The global workforce has undergone a major transformation in the past two years, with workers increasingly prioritizing work-life balance.
However, there are still some parts of the world that still see people working six days a week due to the notion of “hard work [being] associated with success” according to James Root, partner and co-chairman at Bain & Company’s think tank Bain Futures.
“Asia is home to some countries with famously long working hours — South Korea, China, and Japan, for example,” said Root. However, “firms all over the world, including Asia, are constantly looking for ways to make [offices] more fulfilling places to work.”
While companies have taken various approaches to creating a workplace that professionals actually want to come into, the option of a four-day work week has grown in popularity in recent years.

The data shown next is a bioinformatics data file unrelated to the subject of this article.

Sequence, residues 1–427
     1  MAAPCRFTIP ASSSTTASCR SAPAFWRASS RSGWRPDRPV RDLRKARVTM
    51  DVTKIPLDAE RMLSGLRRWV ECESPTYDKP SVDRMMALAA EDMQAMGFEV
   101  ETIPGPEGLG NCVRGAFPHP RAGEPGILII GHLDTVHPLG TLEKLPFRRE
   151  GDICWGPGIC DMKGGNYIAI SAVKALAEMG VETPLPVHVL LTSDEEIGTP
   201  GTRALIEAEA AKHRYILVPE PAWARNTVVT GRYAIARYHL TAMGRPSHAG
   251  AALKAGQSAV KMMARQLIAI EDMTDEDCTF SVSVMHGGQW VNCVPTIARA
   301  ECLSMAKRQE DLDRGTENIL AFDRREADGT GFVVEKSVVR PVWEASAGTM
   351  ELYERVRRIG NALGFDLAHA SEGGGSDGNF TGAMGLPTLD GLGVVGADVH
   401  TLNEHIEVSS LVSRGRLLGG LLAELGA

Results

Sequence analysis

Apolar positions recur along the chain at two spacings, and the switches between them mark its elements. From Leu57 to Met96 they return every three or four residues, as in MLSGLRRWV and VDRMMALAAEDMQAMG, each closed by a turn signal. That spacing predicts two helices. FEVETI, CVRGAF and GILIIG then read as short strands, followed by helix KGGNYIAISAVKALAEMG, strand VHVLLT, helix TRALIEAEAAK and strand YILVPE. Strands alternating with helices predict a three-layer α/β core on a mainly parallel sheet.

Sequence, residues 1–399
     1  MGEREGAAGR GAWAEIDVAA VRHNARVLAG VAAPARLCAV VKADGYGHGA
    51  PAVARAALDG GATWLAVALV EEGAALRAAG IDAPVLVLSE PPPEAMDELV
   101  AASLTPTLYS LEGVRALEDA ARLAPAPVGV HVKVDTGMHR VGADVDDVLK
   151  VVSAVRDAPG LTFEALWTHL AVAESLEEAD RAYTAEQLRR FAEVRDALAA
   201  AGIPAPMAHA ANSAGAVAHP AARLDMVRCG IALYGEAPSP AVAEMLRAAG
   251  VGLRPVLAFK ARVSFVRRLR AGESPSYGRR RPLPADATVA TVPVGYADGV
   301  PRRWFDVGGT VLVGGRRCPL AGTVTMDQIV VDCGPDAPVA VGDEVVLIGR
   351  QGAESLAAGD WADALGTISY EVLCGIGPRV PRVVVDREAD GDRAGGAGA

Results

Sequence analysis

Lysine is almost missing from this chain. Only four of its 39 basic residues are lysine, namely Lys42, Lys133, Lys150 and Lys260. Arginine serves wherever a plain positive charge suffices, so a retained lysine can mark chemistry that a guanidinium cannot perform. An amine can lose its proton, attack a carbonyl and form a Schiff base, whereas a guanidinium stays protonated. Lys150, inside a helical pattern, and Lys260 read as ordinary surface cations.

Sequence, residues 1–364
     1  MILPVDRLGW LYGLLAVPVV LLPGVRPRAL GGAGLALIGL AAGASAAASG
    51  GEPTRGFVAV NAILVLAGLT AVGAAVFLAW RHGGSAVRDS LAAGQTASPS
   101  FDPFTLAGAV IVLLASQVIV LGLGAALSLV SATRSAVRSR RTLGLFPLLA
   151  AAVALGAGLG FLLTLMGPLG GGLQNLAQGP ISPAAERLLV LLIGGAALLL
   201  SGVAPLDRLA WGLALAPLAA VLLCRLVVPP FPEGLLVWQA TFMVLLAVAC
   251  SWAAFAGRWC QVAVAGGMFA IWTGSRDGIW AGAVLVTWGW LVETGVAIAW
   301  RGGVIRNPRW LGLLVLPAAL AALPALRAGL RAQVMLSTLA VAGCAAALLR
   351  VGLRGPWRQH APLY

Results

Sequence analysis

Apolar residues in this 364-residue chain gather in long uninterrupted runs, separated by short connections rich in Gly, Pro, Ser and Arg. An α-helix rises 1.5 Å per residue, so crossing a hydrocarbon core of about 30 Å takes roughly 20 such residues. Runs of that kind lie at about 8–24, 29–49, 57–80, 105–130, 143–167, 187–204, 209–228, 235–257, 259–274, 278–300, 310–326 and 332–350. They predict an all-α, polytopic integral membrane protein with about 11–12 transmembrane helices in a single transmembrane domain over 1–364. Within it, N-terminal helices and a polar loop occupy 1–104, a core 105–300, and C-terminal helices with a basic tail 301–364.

Although places like Japan have become known for their intense work culture, the pandemic has showcased the inherent problems in the country’s normalization of long work hours.
“The well-being of our employees is a priority, and it is important that we communicate and promote an understanding of this purpose,” said Airi Minobe, a spokesperson for Panasonic.
To combat this, Panasonic recently announced that they would provide workers with an optional four-day work week arrangement that hopes to encourage a better work-life balance for employees. However, this option will not be available “until April 2023 at the earliest” according to Minobe.
A survey from research firm Milieu shows that employees are growing to desire shorter work weeks too. The survey of employees across Asia showed that 76% of Singaporeans are interested in positions that offer three-day weekends.
“In mature economies like Singapore, it starts to become about the quality of life and what work means,” said Jaya Dass, managing director at recruitment agency Randstad Singapore.